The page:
* Dual Handstand Pyramids * A picture is worth a thousand words for this stunt. To form the pyramid, a White or Gray Man stands on a Gray Man’s shoulders, & 2 other Gray Men do opposing handstands. The first Gray Man grabs the legs of the other 2 doing handstands, then stands on the back of their necks. The man atop does a 1-armed handstand upon the head of the other. All 8 men do this in perfect synchronization showing no sign of difficulty; & as if that were not amazing enough, the 34-foot-diameter stage begins to rotate so that the audience can see the formation from an alternate angle! Yes, it’s real!
Both photos are from the Cirque Tribune gallery. This one shows the 2 men on top doing their 1-armed handstands in alternate positions:
* Doll Toss * Gray Men grab 1 or 2 Ghost Dolls near the center of the stage, swing them like a pendulum but in full 360-degree sweeps, then toss them to Gray Men awaiting at the front of the stage! As they were swinging the Dolls just prior to tossing them at the final show I attended in Cincinnati, an elderly, obviously wealthy man in front of me in the first row at the front of the stage, not knowing what was going to happen, exclaimed, “Jesus!” A typical reaction! This photo combines 2 shots from a handheld video someone in the audience made earlier this year & posted on YouTube. The one on the right shows the wind-up, swinging; the one on the left shows them in mid-air about to be caught:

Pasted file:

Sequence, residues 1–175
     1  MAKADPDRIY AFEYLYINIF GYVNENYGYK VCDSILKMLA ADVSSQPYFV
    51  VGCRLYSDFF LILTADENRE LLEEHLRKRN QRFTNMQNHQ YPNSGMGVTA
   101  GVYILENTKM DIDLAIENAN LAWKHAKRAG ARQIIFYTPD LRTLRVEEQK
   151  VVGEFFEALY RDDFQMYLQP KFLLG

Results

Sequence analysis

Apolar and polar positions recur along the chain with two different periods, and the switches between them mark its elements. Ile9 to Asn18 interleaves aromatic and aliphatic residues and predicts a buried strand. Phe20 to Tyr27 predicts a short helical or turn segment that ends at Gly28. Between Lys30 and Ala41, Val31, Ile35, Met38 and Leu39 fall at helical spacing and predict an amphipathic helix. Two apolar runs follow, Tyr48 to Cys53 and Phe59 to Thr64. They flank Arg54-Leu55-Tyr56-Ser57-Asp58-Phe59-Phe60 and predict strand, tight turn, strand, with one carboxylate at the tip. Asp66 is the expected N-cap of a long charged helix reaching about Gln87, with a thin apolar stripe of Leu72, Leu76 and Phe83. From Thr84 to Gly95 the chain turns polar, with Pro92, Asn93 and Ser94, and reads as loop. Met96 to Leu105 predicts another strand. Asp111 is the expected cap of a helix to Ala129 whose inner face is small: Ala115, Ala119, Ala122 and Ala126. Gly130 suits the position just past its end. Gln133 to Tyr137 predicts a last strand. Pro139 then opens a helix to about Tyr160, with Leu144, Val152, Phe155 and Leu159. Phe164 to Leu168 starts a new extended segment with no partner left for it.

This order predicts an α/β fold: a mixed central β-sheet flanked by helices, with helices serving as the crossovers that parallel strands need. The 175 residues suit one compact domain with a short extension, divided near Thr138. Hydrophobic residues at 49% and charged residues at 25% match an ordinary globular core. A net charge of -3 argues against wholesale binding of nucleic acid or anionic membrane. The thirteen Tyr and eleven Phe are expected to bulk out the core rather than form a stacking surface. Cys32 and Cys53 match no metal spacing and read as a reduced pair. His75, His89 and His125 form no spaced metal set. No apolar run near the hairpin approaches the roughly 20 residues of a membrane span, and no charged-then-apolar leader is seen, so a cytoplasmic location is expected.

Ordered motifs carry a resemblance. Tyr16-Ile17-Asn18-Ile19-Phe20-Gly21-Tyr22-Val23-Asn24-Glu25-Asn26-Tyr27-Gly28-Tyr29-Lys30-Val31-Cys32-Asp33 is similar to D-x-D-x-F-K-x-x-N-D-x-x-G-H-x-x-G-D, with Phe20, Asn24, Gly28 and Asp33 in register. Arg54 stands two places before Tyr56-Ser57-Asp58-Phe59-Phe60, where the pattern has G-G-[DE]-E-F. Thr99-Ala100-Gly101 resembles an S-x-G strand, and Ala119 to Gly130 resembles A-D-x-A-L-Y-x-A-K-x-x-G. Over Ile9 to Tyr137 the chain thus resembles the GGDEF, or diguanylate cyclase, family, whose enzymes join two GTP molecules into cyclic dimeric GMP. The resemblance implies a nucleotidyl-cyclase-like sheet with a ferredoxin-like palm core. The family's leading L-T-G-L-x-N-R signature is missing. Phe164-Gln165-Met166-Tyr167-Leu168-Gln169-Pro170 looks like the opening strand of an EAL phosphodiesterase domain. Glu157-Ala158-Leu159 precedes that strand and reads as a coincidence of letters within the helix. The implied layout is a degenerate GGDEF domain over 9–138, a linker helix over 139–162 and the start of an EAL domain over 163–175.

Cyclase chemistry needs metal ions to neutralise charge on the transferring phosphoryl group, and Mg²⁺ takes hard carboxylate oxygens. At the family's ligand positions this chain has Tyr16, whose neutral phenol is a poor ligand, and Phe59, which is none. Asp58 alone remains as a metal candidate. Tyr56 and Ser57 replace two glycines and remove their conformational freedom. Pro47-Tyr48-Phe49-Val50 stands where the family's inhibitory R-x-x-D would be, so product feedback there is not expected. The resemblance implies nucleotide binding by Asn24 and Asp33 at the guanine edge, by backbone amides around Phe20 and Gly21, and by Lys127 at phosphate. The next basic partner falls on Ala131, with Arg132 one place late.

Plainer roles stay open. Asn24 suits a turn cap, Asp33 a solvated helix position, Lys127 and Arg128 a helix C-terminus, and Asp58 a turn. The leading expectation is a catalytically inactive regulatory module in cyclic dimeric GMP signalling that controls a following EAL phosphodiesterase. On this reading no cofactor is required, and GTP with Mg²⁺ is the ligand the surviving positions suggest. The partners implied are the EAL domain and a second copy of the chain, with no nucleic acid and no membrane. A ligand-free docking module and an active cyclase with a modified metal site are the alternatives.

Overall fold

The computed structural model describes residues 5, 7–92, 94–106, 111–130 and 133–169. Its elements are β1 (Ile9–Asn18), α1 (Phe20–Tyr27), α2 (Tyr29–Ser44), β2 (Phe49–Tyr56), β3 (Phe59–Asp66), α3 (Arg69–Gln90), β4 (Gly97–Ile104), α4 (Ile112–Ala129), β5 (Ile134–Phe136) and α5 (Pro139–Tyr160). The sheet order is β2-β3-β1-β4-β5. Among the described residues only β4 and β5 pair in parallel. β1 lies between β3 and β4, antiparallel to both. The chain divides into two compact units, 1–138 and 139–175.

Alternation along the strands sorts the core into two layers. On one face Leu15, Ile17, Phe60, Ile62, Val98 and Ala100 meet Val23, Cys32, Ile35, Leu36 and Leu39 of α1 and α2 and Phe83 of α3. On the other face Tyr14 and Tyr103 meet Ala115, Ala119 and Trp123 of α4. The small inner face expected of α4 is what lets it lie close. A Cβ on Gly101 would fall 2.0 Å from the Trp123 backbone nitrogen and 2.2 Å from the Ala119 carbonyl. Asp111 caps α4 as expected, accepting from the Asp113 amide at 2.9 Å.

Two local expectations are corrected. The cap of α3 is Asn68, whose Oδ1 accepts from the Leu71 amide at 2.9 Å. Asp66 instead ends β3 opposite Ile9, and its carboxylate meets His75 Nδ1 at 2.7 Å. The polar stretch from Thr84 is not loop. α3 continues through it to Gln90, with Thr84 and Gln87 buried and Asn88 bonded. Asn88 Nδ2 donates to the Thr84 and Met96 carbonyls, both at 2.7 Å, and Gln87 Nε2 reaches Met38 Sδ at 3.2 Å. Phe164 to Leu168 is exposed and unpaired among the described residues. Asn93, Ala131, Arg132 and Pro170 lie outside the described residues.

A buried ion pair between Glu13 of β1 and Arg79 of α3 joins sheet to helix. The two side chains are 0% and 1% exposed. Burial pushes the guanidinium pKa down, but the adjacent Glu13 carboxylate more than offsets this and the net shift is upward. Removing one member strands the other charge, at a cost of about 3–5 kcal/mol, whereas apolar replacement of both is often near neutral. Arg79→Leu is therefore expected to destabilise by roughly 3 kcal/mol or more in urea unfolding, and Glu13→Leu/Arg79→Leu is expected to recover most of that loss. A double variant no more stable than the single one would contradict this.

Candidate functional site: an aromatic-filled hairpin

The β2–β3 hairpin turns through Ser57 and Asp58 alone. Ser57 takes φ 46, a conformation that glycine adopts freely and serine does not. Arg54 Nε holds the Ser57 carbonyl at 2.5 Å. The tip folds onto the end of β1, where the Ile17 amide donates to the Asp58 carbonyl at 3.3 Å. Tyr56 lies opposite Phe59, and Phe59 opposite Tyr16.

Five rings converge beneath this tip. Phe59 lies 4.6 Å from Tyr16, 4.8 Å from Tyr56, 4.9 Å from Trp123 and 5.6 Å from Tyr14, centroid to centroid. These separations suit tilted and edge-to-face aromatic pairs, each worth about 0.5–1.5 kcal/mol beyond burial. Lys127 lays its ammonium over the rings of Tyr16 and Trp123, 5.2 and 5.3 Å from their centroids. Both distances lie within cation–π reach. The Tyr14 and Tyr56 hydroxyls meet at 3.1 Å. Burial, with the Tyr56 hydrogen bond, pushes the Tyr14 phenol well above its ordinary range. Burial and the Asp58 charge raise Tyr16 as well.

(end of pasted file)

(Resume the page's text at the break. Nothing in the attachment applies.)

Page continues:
* Flower-Rings * Les Égarés separate into 3 groups & perform variations of 2 formations. One (usually at the front of the stage) involves 3 or 4 Gray Men doing 1-armed handstands with their free hands joined in the center. They dramatically lower 1 of their legs to give the formation a blossoming effect, & either a Ghost Doll or White Man perches atop their hands in the center. The alternate formation (usually performed by the other 2 groups in the background) has 4 Égarés facing each other, interlocking their legs, then bending over backwards, again for the blossoming effect. It’s breathtaking! This photo is from the Arena Pal site: